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Windsor police caught in crossfire of social media confusion

Windsor Star logo Windsor Star 2021-04-13 Taylor Campbell

Windsor police communications officers have been busy dealing with unwarranted backlash on Twitter in recent days after footage of a violent traffic stop in a Virginia town by the same name surfaced online.

a person in a car:  U.S. Army 2nd Lieutenant Caron Nazario holds up his hands before being sprayed with a chemical agent by Windsor police officer Joe Gutierrez during a violent traffic stop at a gas station in a still image from Gutierrez’s body camera taken in Windsor, Virginia, U.S. December 5, 2020. © WINDSOR VIRGINIA POLICE via REUTERS U.S. Army 2nd Lieutenant Caron Nazario holds up his hands before being sprayed with a chemical agent by Windsor police officer Joe Gutierrez during a violent traffic stop at a gas station in a still image from Gutierrez’s body camera taken in Windsor, Virginia, U.S. December 5, 2020. The local law enforcement agency has replied to more than 100 angry tweets that tagged @WindsorPolice but condemned the actions of American officers with the Windsor Police Department — not the local Windsor Police Service — who were seen on video using pepper spray and pointing their guns at a Black Army officer before pushing him to the ground during a traffic stop in December of 2020.

“On Friday our service noticed via our social media accounts that we were getting tagged very, very often in relation to an incident in a town called Windsor, which is located in Virginia,” Windsor police spokesperson Const. Talya Natyshak told the Star on Tuesday. “The posts definitely involved a lot of misdirected hate and frustration.”

That’s when Windsor police began replying to the posts, she said.

In each reply to Twitter users who mistakenly tagged Windsor police instead of the American police department involved in the incident, Windsor police said the same thing:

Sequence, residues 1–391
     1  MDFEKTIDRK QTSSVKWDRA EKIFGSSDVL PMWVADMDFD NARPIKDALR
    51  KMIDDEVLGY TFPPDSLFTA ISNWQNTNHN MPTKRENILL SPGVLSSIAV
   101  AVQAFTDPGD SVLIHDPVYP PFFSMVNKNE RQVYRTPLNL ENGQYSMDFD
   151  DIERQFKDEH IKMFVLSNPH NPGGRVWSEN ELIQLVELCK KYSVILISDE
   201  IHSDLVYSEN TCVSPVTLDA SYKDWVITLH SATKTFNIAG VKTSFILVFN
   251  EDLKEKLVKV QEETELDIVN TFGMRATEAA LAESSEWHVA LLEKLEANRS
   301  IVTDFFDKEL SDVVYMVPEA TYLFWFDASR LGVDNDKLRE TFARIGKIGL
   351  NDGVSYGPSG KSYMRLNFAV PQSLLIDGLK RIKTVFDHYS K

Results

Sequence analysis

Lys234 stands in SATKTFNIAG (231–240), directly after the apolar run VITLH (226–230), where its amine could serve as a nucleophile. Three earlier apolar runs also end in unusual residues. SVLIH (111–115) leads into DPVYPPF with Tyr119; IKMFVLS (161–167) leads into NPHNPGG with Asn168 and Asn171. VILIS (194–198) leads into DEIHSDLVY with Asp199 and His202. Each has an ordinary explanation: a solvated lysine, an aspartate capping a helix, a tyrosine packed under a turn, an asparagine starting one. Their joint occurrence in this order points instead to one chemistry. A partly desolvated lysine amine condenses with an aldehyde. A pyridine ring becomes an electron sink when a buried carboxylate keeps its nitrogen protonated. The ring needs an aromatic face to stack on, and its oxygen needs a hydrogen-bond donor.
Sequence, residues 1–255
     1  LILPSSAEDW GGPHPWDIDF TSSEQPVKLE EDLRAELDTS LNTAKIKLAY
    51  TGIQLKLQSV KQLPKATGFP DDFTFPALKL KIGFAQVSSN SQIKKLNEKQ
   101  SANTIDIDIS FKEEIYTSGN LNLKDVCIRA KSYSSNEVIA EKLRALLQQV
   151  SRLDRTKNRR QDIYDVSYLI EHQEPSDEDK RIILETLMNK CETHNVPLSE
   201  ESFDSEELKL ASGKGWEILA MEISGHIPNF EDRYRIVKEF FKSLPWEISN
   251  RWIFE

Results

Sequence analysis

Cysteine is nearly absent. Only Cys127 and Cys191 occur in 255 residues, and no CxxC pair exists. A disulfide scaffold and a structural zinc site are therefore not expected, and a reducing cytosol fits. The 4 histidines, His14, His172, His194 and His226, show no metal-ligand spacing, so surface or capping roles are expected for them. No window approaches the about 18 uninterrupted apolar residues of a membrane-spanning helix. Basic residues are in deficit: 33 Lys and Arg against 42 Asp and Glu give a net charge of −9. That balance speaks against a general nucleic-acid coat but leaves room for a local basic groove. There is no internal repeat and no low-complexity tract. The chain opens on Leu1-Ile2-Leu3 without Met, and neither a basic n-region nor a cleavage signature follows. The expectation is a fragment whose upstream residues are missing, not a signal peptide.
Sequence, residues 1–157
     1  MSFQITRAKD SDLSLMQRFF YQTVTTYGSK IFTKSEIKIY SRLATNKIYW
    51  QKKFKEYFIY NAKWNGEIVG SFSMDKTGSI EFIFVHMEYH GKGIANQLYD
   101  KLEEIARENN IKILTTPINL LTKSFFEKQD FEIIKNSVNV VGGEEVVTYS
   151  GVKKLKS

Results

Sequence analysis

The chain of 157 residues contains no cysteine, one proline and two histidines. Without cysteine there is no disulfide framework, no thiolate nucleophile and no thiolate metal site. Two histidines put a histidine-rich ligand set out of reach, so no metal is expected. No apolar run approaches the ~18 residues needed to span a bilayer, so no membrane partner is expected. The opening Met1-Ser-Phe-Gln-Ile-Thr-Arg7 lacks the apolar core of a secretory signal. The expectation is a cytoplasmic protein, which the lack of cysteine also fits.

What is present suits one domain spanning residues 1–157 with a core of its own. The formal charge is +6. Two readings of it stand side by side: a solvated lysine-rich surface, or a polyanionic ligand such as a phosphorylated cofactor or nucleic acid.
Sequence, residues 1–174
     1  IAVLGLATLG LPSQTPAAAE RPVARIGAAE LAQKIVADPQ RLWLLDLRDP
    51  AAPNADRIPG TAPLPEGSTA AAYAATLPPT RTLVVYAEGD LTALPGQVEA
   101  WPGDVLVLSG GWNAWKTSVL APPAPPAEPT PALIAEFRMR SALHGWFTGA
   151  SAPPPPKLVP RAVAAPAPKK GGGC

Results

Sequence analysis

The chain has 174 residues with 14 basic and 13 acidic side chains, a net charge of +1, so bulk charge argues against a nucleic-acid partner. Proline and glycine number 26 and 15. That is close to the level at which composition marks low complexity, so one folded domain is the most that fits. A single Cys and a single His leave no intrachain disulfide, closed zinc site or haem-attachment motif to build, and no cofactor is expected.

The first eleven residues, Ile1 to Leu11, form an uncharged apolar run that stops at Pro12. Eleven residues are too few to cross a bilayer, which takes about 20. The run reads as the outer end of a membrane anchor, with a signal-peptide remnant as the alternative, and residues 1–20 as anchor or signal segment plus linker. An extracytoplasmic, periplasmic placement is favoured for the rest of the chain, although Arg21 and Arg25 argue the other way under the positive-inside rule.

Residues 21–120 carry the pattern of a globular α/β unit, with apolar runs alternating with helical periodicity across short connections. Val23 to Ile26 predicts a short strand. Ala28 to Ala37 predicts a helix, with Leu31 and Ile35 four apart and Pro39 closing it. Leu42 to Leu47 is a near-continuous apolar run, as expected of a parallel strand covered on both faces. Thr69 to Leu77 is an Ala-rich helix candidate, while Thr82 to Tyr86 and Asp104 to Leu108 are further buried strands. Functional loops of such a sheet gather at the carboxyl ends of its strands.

“We would like to let you know that you have tagged our Police Service which is located in Windsor, Ontario, Canada. We would politely ask you to correct this tweet. We believe you have mistakenly tagged us. Thank you!”

Many of the heated tweets that tagged @WindsorPolice have since been deleted by their authors, however many others remain online. Natyshak said several Twitter users apologized to the Windsor Police Service through direct messages, as well as through Twitter replies. Other social media users even started to correct each other on the behalf of Windsor police.

Although Windsor police are occasionally mistakenly tagged in posts meant for law enforcement agencies in the United Kingdom, Natyshak said this incident has incited more erroneous tags involving the force than any other she’s seen.

The Windsor Police Service’s Twitter account description specifies the force is located in Windsor, Ontario, Canada.

“Social media works very fast,” Natyshak said. “Take your time, especially if you’re tagging anyone. (Make) sure that you’re tagging the correct person or business.”

During the traffic stop in Virginia, two officers, Joe Gutierrez and Daniel Crocker, reportedly believed 2nd Lt. Caron Nazario was missing a licence plate on his new vehicle when they pulled him over.

Video from the officers’ body cameras and Nazario’s cell phone show Nazario asking for several minutes why he’d been pulled over while the two police officers point their guns at his vehicle. They then approach, yelling at him to get out of the vehicle. He continues to ask why he was pulled over and has his hands sticking out of his open window. Then, an officer uses pepper spray on him before he exits the vehicle and is pushed to the ground.

One of the two American officers involved in the incident, Gutierrez, has since been fired, the Town of Windsor announced Sunday. The state’s attorney general has requested more information from the town’s police.

tcampbell@postmedia.com

twitter.com/wstarcampbell

a group of people in uniform:  U.S. Army 2nd Lieutenant Caron Nazario is treated by an ambulance crew while handcuffed after being sprayed with a chemical agent by Windsor police officer Joe Gutierrez at a gas station during a violent traffic stop in a still image from officer Daniel Crocker’s body camera taken in Windsor, Virginia, U.S., December 5, 2020. © WINDSOR POLICE via REUTERS U.S. Army 2nd Lieutenant Caron Nazario is treated by an ambulance crew while handcuffed after being sprayed with a chemical agent by Windsor police officer Joe Gutierrez at a gas station during a violent traffic stop in a still image from officer Daniel Crocker’s body camera taken in Windsor, Virginia, U.S., December 5, 2020.
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